The owner of the Diablo Canyon nuclear power complex asked federal regulators to delay issuing extended operating permits until comprehensive studies are completed on earthquake faults in the area, officials said Monday.
The move by Pacific Gas and Electric Co. came after a public outcry over possible safety risks at the California plant, which were heightened by the huge earthquake and tsunami that plunged Japan into a nuclear crisis.
Diablo Canyon, perched on an 85-foot bluff above the Pacific Ocean, sits within three miles of two earthquake faults. Lawmakers have been pushing the company to perform more thorough testing to assess earthquake risks before new licenses are granted.
More than 400,000 people live within 50 miles of the site, located midway between Los Angeles and San Francisco.
At a legislative hearing last month, company officials said the plant was safe and gave no hint that PG&E would agree to complete three-dimensional seismic studies before a renewal of the licenses.
But in a statement Monday, PG&E Senior Vice President John Conway referred to the Japanese crisis and said, "we recognize that many in the public have called for this research to be completed before the NRC renews the plants' licenses. We are being responsive to this concern."
The company wants the NRC to extend the life of the complex for 20 years after its permits expire in 2024 and 2025.
In a letter to the NRC dated Sunday, PG&E said it would be prudent to complete the studies prior to granting new licenses. The company said it wanted the NRC to hold off issuing new licenses, even if approved by the agency, until the three-dimensional studies are finished.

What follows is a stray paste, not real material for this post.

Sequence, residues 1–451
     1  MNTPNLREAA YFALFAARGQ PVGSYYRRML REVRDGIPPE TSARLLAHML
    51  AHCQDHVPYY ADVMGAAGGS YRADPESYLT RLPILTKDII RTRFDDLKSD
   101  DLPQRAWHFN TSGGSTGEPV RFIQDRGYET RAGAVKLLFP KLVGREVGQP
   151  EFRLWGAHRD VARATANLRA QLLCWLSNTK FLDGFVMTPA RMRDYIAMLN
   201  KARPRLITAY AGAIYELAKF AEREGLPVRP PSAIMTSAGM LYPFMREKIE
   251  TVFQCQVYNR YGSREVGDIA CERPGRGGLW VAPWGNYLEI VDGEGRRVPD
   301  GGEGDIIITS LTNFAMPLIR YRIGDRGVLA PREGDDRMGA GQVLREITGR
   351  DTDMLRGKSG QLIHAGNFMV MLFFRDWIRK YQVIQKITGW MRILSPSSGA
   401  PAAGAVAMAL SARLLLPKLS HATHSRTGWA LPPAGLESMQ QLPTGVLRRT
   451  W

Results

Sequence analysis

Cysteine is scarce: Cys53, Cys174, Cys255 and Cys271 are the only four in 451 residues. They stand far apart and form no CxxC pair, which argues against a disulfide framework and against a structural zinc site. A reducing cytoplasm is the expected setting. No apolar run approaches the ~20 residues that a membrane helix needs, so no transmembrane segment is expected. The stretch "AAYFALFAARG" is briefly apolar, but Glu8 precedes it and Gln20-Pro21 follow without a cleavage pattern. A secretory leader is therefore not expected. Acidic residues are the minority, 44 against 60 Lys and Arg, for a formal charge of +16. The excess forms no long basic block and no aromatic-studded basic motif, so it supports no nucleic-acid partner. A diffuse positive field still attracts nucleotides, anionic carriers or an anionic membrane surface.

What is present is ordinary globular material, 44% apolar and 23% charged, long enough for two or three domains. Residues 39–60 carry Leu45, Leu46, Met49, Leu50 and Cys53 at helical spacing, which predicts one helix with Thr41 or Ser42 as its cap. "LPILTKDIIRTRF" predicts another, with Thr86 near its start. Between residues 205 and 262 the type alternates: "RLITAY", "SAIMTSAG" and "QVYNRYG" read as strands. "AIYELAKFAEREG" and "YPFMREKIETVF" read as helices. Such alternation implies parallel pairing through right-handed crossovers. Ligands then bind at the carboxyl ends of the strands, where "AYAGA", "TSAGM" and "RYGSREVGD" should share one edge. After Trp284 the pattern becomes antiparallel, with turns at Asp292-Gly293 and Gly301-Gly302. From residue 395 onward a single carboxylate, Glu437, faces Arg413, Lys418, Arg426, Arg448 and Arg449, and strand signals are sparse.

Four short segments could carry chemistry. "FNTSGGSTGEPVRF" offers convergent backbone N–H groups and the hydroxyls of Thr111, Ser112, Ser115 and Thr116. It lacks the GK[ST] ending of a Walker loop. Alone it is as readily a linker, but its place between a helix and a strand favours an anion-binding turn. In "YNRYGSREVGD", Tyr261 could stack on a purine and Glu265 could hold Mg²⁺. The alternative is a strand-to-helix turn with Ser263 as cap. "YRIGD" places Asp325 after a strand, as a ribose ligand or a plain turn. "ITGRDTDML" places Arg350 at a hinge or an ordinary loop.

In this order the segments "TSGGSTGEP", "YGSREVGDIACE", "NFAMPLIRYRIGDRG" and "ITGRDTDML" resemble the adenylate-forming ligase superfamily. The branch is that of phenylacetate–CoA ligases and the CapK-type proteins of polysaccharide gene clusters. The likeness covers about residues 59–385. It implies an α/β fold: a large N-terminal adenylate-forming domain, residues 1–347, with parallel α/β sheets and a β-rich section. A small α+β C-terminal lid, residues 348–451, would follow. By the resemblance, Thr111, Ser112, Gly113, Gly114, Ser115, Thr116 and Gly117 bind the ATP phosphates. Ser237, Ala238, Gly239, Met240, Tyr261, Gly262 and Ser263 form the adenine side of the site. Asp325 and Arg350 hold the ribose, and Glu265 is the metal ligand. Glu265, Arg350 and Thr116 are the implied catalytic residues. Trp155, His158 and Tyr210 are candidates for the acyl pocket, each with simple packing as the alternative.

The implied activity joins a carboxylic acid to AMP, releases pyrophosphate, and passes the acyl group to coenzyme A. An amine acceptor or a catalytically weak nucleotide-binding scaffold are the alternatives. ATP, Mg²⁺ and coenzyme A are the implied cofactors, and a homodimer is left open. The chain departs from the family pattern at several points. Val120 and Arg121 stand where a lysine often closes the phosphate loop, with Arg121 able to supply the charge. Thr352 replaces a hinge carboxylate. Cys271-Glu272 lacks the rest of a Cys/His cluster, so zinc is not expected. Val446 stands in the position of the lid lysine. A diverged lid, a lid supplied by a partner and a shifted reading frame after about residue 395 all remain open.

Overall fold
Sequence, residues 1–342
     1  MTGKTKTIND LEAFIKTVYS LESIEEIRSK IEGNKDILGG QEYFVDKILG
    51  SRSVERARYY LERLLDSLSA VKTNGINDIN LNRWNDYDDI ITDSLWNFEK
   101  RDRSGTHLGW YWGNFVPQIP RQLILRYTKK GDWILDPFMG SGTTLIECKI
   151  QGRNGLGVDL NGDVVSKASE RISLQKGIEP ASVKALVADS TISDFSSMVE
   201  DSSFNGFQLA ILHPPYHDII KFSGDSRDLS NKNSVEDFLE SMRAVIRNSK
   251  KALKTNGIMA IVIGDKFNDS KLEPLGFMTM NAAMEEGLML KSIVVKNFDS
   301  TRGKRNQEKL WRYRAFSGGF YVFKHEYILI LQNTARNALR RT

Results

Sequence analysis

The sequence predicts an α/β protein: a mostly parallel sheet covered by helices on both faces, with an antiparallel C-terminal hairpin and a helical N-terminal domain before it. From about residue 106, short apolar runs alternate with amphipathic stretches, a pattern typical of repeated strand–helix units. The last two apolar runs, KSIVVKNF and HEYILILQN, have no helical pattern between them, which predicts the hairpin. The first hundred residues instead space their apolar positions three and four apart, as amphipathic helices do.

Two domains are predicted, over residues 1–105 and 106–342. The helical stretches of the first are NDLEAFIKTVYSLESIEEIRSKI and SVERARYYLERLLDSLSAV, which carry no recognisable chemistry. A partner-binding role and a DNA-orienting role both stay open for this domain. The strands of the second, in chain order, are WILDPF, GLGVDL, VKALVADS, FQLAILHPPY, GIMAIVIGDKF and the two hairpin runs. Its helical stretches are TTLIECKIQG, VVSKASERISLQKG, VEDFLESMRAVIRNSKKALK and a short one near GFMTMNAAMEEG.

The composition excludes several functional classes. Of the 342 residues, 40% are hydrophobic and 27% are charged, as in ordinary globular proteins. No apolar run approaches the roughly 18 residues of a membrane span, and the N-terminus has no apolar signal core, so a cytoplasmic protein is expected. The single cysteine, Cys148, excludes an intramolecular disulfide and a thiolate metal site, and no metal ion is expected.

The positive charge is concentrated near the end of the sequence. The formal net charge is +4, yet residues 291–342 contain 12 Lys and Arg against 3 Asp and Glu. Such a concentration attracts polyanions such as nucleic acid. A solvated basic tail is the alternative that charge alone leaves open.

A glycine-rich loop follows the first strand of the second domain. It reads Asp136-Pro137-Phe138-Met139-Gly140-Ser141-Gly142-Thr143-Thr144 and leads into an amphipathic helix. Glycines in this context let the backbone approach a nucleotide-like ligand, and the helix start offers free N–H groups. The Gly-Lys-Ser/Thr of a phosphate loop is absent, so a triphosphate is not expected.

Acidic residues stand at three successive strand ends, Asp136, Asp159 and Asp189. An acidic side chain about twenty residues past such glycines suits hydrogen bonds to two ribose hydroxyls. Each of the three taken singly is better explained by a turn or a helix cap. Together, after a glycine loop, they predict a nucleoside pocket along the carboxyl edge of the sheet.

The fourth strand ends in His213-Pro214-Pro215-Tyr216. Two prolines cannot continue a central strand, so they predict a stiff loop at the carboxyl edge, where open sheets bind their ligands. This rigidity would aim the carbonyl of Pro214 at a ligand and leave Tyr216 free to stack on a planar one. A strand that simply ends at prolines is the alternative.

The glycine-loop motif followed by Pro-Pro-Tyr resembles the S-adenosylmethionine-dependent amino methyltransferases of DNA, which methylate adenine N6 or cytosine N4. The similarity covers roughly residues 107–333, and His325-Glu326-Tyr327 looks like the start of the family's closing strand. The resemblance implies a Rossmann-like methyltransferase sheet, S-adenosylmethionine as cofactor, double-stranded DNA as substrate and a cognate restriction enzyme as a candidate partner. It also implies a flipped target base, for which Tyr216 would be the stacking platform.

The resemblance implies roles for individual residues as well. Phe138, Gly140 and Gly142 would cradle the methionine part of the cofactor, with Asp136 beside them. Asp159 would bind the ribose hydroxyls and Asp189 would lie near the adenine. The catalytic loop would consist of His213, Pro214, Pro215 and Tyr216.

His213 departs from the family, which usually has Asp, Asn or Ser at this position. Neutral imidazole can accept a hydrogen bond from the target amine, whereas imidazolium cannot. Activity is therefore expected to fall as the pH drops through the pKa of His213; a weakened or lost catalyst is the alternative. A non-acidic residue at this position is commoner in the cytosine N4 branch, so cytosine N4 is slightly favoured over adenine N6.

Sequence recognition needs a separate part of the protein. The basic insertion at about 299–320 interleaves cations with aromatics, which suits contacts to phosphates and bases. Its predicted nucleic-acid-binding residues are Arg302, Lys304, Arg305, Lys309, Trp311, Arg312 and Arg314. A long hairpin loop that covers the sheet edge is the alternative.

State Sen. Sam Blakeslee, a Republican whose district includes the site, commended the decision and said in a statement that "it's our duty to learn and apply the lessons of Japan." Senate Majority Leader Ellen M. Corbett, D-San Leandro, said "it is unfortunate that it took a major catastrophe in Japan and a (legislative) hearing to prompt quicker action."
NRC spokeswoman Lara Uselding said the agency will consider the company's request to see what, if any, impact it would have on the agency's review schedule.
In its letter, the company said it wanted to complete the research no later than December 2015, which would be long before the current licenses expire.
Diablo Canyon, where reactors began operating in the mid-1980s, has a long history of seismic issues.
The discovery of the offshore Hosgri Fault in 1971, after the plant was mostly completed, forced a major, costly redesign. Then, about two years ago, a geologic fault was discovered about a half-mile from the seaside reactor, raising new concerns about safety.
At issue at Diablo Canyon is not what is known, but what is not. Preliminary research at the site found its twin reactors could withstand a potential earthquake generated by the recently identified Shoreline Fault, just off the coast.
But California regulators say more study is needed on the new fault system. The fear is the two faults could begin shaking in tandem, creating a larger quake than either fault would be capable of producing on its own.
PG&E says the plant is built to withstand a magnitude-7.5 earthquake, the maximum considered possible for the site.